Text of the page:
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Jamie Peters is today’s guest, here to talk about WineSong, which holds its 33rd annual fund raiser next August. We hear all about WineSong from Jamie and Dan, including food, wine, music all at the Mendocino botanical gardens. Then we taste a couple of Chards, a unique Zin and more.
Wine Song is an annual event in Mendocino Coast Botanical Gardens about 2 miles south of Ft. Bragg. September 8 and 9, Friday and Saturday. The local wineries will be open on the Sunday. To learn everything about WineSong, visit their website, http://winesong.org/.
Jamie describes WineSong: as you wander through a garden path, there are different musicians who play for you while you enjoy the food and wine. She tells how they raise money for the Mendocino Coast District Hospital Foundation. It serves a 600 square mile area. Dan is also involved and has been going for 25 years with his wife Julie. They haven’t missed it in years. There are a lot of regulars, you make friends, you look forward to seeing them, it’s like a family reunion. The second half of the event is a live auction. Jamie says they come from 25+ states, year after year after year. Dan donates a lot of his well-cellared wine to the auction. WineSong will feature wines from all over the world, although a lot of it comes from Mendocino and Sonoma Counties.
There will be a Pinot Noir Celebration, which is already fully booked, there are 30 or 32 wineries. This is a Friday afternoon, 1-4pm event. Dan says this is a good place to taste previews of the upcoming vintage.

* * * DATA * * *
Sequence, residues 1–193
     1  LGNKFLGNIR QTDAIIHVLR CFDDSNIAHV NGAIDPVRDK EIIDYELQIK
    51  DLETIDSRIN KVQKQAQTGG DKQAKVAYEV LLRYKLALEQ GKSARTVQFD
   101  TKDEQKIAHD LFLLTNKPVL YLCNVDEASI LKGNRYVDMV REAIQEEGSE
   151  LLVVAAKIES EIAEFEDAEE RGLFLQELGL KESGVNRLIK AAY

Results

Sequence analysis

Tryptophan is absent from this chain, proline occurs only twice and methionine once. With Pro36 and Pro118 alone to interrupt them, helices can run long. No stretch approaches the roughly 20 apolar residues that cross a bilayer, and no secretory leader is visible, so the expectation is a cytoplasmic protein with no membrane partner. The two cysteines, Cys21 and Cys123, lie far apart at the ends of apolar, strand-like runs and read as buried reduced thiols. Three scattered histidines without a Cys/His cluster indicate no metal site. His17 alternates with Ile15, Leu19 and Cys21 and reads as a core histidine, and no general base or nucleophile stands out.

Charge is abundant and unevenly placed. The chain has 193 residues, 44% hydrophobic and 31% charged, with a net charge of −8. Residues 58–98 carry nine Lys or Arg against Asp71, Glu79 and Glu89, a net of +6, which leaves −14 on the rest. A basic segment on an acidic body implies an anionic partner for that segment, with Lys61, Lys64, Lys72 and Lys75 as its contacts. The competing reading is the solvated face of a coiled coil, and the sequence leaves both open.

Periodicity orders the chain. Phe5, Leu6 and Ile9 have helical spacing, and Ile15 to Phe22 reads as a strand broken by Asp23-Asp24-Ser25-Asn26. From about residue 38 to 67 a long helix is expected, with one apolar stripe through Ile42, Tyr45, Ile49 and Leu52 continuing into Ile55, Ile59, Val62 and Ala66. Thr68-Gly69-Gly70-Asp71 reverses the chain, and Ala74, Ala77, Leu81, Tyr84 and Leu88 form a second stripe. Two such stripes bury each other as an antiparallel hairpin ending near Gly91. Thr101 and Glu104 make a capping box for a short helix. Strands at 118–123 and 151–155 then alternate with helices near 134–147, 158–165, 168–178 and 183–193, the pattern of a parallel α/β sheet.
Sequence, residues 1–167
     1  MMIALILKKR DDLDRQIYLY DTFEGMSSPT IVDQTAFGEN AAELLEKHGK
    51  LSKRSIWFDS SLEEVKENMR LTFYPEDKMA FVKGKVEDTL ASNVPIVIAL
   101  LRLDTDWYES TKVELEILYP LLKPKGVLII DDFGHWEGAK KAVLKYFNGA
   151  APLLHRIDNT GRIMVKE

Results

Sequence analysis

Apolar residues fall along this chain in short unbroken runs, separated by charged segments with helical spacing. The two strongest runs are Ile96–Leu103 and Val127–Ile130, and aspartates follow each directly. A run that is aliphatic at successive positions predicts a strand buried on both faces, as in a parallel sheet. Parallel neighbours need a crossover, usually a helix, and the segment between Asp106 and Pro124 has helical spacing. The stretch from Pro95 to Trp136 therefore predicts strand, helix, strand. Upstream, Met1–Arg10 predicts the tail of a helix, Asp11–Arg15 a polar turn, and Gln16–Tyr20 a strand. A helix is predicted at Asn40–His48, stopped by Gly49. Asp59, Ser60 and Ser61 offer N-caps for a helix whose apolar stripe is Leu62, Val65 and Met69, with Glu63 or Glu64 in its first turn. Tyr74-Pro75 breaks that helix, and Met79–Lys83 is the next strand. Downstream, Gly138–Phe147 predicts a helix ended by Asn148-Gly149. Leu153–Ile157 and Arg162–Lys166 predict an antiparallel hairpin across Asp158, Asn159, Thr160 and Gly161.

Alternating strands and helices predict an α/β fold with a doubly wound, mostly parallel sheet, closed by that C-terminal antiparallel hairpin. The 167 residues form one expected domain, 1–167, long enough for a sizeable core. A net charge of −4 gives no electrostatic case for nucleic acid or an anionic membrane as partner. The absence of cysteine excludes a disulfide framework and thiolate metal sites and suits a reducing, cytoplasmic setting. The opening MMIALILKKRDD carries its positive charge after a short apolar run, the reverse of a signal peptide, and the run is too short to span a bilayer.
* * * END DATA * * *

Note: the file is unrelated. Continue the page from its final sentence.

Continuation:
Dan brought wines today, starting with a Chardonnay, a 2009 Marimar Estate from near Green Valley. Most peolple don’t age Chard, but this has plenty of acidity and captures fruit component. Cellared, it’s great after five years. Steve might not have called it Chard on a blind taste. Dan says age has helped, but 2009 is not really old for a Chard yet, just getting to its peak. Dan said its acid needed to be tamed a bit. He said he thought Steve would like it and he was right.
WineSong is a good place to see new releases. The Pinot Noir tasting on Friday does that. We are starting to see lots of 2016 Rosés. There will be 50 different restaurants, exec chefs, chocolatiers, (nice for cab or port). Dan says a problem is getting lodging up there, it’s very hard to get so you need to book your lodging ASAP. That’s why they booked Jamie early enough to make a decision to go and be able to find lodging. She says there is something for all price ranges. There is even Glamping, which means glamorous camping.
After the break, Steve invites Dan to open the next tasting, a 2012 Inman Family Chardonnay. They were in on the show before. Dan says Kathleen Inman knows how to keep the acid down, so 3 years tamed it a bit. Dan says it should be decanted and it calls for some seafood, sturgeon, poached or lightly sautéed. Steve says clams, yes, steamed, but not tuna or salmon, which is richer, this wine is not heavy enough for that.
Coro is a group of wineries that are making Zinfandel blends from Mendocino County fruit, can’t be less than 40% or more than 70% Zin. Graziano’s 2013 vintage is 64% Zinfandel, 11% Barbera, 10% Petite Syrah, 5% Dolcetto and 5% Montepulciano. Aged in oak, it has beautiful aromatics that smell like Zinfandel but then it has all these other flavors, like black pepper, forest floor, violets.
Steve asks Dan to explain forest floor. Dan says it’s like dried leaves, rustic. It’s a fun wine to drink that could go with a pepperoni pizza.
The Coro consortium has agreed that the labels all look alike for all the different Coro participants. (The word “Coro” means “chorus” or “choir” in Italian.)